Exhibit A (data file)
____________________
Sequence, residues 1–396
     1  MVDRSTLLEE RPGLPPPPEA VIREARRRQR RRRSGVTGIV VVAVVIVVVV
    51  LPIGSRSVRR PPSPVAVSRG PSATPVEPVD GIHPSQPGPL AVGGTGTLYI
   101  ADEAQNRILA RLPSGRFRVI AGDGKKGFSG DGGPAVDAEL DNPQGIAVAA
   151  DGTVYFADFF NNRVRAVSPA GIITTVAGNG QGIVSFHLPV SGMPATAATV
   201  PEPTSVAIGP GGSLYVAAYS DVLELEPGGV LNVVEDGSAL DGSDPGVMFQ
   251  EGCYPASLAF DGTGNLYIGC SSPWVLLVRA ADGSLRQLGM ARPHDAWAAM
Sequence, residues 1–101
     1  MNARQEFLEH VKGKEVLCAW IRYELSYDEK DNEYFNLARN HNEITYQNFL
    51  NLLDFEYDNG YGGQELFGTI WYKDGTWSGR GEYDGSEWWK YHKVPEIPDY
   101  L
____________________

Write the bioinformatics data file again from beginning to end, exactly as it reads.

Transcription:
Sequence, residues 1–396
     1  MVDRSTLLEE RPGLPPPPEA VIREARRRQR RRRSGVTGIV VVAVVIVVVV
    51  LPIGSRSVRR PPSPVAVSRG PSATPVEPVD GIHPSQPGPL AVGGTGTLYI
   101  ADEAQNRILA RLPSGRFRVI AGDGKKGFSG DGGPAVDAEL DNPQGIAVAA
   151  DGTVYFADFF NNRVRAVSPA GIITTVAGNG QGIVSFHLPV SGMPATAATV
   201  PEPTSVAIGP GGSLYVAAYS DVLELEPGGV LNVVEDGSAL DGSDPGVMFQ
   251  EGCYPASLAF DGTGNLYIGC SSPWVLLVRA ADGSLRQLGM ARPHDAWAAM
Sequence, residues 1–101
     1  MNARQEFLEH VKGKEVLCAW IRYELSYDEK DNEYFNLARN HNEITYQNFL
    51  NLLDFEYDNG YGGQELFGTI WYKDGTWSGR GEYDGSEWWK YHKVPEIPDY
   101  L